As for Hyman, his ideal is to have oracy taught in every school. "It is about changing the world, it is about doing good in the world," he explains.
These are grand statements. But Hyman is not alone. Unesco, for example, recently produced a report that claims education could help to produce a more "just, peaceful, tolerant, inclusive and secure" world by developing "cognitive skills and non-cognitive skills [such as]communication and aptitudes for networking and interacting with people of different origins, cultures and perspectives".
So far, so simple. Improved communication skills equal a better world. Well, maybe not. Take this description of one of the 20th century's most memorable public speakers, one that would no doubt tick all the right boxes in any oracy mark scheme: "The essential characteristics of his speeches to the people are clear organisation, irrefutable logical reasoning, simplicity and clarity of expression, razor-sharp dialectic, a developed and sure instinct for the masses and their feelings, an electrifying emotional appeal that is used sparingly and the ability to reach out to the souls of the people in a way that never goes unanswered."
You've probably guessed the identity of the speaker. It's Adolf Hitler, as described by Joseph Goebbels.
Likewise, American "shock-jock" radio presenters are fantastic communicators - they get their messages across powerfully. But it is hard to suggest that they make the world a better place - or even a more tolerant or inclusive one, to return to Unesco's ambitions.
Great communication is not an uncomplicated force for good; it can also be allied to lies and danger. By teaching children oracy, we will not necessarily show them how to make the world a more peaceful place. Shakespeare sums it up well in The Tempest: "You taught me language, and my profit on't Is I know how to curse. The red plague rid youFor learning me your language!"
Just because we teach people to communicate beautifully does not mean that they will become tolerant of each other - or, indeed, feel kindly towards their teachers.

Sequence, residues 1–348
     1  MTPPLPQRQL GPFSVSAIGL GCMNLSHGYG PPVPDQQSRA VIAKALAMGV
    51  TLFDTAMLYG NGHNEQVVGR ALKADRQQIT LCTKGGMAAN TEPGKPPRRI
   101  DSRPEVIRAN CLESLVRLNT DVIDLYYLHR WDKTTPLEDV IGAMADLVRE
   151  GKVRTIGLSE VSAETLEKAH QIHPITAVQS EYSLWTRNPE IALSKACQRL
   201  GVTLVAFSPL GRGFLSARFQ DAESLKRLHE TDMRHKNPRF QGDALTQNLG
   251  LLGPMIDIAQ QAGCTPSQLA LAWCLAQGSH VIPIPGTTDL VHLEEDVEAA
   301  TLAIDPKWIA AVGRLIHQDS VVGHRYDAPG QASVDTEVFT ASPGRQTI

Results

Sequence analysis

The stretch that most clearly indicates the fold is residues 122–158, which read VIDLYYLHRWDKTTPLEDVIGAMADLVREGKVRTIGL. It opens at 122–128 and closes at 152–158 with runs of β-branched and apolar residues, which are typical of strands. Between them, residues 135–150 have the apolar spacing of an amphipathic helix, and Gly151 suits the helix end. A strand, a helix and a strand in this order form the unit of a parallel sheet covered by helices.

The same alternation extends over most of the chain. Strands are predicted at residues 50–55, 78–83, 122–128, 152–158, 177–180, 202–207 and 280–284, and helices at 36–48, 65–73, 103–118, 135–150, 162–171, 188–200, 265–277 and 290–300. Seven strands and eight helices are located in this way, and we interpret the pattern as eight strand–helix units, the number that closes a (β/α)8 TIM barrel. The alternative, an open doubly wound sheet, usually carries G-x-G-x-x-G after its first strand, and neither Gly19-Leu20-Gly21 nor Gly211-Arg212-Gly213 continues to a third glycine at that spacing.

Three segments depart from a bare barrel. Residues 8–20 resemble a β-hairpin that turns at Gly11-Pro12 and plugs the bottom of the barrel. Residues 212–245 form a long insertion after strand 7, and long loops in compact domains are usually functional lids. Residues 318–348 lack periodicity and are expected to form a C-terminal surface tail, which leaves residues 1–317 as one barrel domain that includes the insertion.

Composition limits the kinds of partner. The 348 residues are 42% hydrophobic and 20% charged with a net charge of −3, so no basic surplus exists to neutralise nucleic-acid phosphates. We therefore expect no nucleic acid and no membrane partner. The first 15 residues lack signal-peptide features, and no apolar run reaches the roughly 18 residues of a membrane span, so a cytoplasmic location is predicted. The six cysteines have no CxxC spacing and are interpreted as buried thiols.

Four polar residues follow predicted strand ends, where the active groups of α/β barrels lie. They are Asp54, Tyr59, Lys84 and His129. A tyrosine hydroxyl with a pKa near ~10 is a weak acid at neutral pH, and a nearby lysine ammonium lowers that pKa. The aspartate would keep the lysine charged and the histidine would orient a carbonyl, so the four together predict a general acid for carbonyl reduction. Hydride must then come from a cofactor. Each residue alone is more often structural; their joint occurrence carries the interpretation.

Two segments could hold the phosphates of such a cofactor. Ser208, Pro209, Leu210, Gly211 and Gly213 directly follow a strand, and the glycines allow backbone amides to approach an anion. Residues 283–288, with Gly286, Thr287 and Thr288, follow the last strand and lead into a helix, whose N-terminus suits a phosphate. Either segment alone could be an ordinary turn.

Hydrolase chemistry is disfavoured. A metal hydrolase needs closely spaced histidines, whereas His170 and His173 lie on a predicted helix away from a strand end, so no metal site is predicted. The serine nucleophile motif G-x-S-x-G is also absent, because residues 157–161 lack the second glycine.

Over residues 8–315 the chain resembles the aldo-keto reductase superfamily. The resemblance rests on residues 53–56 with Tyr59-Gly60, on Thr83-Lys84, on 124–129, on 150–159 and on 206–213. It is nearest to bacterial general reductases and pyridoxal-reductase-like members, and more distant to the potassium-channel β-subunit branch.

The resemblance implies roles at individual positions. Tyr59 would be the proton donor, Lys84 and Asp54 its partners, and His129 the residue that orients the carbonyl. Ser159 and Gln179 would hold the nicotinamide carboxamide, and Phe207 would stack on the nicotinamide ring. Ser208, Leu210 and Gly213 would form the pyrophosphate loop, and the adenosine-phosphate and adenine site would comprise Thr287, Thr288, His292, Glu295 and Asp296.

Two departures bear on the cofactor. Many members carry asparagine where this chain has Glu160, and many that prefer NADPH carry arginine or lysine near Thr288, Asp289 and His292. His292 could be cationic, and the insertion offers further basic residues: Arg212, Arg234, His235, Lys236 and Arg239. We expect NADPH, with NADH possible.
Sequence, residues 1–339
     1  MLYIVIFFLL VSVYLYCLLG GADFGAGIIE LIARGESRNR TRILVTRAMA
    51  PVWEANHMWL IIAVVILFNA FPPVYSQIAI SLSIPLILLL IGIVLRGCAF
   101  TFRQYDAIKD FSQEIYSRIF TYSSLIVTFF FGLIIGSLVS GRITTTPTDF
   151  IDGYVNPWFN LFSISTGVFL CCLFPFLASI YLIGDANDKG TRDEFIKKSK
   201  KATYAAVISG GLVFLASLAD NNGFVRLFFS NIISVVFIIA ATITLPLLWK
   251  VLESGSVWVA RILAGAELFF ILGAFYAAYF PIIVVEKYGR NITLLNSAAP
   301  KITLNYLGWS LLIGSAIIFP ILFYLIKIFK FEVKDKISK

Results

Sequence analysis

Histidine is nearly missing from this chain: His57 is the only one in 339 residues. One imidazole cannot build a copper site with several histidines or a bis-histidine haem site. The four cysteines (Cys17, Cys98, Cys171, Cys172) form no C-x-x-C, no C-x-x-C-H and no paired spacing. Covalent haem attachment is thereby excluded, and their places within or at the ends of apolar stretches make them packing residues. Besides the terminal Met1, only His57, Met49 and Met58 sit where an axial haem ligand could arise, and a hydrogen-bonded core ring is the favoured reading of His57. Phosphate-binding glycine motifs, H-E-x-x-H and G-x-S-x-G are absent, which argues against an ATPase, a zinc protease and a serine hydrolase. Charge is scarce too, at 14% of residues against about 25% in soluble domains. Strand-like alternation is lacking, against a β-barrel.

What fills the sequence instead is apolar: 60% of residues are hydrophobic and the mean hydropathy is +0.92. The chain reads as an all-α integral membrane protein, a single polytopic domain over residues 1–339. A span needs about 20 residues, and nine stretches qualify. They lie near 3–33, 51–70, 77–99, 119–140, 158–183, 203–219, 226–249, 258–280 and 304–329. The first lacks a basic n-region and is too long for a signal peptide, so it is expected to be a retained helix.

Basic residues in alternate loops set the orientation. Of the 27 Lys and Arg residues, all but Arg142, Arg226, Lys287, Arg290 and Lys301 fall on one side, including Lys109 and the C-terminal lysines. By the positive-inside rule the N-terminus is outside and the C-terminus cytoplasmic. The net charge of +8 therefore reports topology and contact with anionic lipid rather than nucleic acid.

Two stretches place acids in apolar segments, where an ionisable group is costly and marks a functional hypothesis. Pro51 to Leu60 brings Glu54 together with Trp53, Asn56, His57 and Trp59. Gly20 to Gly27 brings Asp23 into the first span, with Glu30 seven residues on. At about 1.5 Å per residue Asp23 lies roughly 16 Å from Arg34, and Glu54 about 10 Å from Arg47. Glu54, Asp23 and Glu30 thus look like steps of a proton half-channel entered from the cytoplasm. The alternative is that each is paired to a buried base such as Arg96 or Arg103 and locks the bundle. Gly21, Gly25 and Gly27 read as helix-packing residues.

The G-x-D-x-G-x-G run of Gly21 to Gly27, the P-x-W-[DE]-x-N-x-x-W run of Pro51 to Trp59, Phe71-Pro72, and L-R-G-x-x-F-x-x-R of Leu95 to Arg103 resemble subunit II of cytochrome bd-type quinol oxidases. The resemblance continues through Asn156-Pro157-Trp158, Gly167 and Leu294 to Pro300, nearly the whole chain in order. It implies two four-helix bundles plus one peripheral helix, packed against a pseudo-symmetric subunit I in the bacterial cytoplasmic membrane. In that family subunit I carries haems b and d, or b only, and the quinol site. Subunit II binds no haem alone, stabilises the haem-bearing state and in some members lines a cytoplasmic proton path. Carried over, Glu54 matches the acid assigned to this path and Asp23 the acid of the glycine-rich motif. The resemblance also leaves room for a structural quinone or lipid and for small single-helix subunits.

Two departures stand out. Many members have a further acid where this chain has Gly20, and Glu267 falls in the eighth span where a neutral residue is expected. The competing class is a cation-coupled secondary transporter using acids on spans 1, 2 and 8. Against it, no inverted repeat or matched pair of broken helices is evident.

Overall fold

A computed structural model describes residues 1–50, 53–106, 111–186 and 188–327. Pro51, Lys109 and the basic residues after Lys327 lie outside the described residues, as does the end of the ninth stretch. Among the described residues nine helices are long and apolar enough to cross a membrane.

Take another disturbing example, that of Michael Adebolajo, one of the killers of soldier Lee Rigby in 2013. His former headteacher at Marshalls Park School in London, Pam Mason, described him after the attack as: "A good-natured and easy-going boy. He had a strong group of friends but he could mix well with others, and he was popular and well-liked across a wide range of students. Michael was bright and confident and had a good sense of humour."
Clearly nothing about Adebolajo gave his teachers any clue as to what he would do later on in life, nor should we hold them responsible for his actions. It sounds very much as if he was rather good at communication and might even have excelled in oracy.
That should give us pause for thought. No matter what we as teachers do in school, how good a moral grounding we give pupils or how well we help them to think about and understand the world in which they live, in the end we set them free to make the most ghastly choices in their lives as well as the most wonderful.
Hope for the best
In this world, where passionate intensity is all too often left to those with the worst intentions, we need to return it to the armouries of those with the best. Teachers should argue with children, present alternative viewpoints and act as devil's advocates. Instead of a homogeneous set of "global citizenship values" imposed from afar, the only value we should insist upon is freedom: the freedom to speak our minds and the freedom to disagree.